“I am generally opposed to US interventionism, but particularly under his leadership.”
Rep. Alexandria Ocasio-Cortez on Monday declined to denounce socialist Venezuelan dictator Nicolás Maduro, calling the country’s crisis a “complex issue.”
At a press conference to mark the opening of her first congressional office in Queens, the freshman New York Democrat was asked about her willingness to “denounce the Maduro regime.”
“I think this is absolutely a complex issue,” she told the reporter. “I think it’s important we approach this very carefully.”
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“Myself – just like anyone else – is absolutely concerned with the humanitarian crisis that’s happening, and I think it’s important that any solution that we have centers the Venezuelan people and centers the democracy of Venezuelan people first,” she said.
However, Ocasio-Cortez – who has pushed a socialist-like agenda since joining Congress this year – made clear she was opposed to US intervention in the South American country.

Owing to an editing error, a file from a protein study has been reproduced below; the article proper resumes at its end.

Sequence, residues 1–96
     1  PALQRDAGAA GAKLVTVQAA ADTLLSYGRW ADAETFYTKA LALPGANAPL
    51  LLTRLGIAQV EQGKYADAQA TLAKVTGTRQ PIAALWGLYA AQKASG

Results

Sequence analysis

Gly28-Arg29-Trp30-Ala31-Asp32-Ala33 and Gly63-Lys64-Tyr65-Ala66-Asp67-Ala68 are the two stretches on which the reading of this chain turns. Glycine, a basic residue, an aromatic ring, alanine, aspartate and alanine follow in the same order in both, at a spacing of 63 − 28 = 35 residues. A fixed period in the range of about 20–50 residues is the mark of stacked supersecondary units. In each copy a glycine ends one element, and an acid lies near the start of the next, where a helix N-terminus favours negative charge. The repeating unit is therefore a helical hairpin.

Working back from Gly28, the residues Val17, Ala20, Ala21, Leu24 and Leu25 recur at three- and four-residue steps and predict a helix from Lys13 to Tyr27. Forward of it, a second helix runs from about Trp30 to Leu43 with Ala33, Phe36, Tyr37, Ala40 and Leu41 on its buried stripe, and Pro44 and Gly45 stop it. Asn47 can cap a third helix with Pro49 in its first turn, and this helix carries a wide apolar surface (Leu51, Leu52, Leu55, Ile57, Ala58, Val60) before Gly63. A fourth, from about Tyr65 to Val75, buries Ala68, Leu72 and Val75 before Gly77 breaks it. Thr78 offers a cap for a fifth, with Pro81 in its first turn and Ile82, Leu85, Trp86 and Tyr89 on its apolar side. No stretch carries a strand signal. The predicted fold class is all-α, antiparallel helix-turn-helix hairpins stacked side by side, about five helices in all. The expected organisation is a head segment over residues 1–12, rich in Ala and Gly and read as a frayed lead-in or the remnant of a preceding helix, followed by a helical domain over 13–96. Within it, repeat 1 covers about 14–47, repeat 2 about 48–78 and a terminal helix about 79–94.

“I am very concerned about US interventionism in Venezuela, and I oppose it,” she said. “Especially when we talk about a figure like US Special Envoy Elliot Abrams. He’s pled guilty to several crimes related to Iran-Contra.”
Abrams, whom President Donald Trump recently appointed as special envoy to Venezuela, is widely viewed as a villain on the political left.
He pleaded guilty to two misdemeanor of counts of unlawfully withholding information from Congress as part of his role in the Iran-Contra scandal, which involved officials in the Reagan administration illegally selling arms to the Contras, a right-wing rebel group that was fighting the socialist Nicaraguan government. He was later pardoned.
An outspoken Trump critic, Ocasio-Cortez added: “I am generally opposed to US interventionism as a principle, but particularly under this administration and under his leadership. I think it’s a profound mistake.”
Her comments came as Venezuela is mired in social and economic turmoil. Maduro is clinging to power despite opposition leader Juan Guido being recognized as the country’s new leader by more than 50 foreign governments, including the United States.
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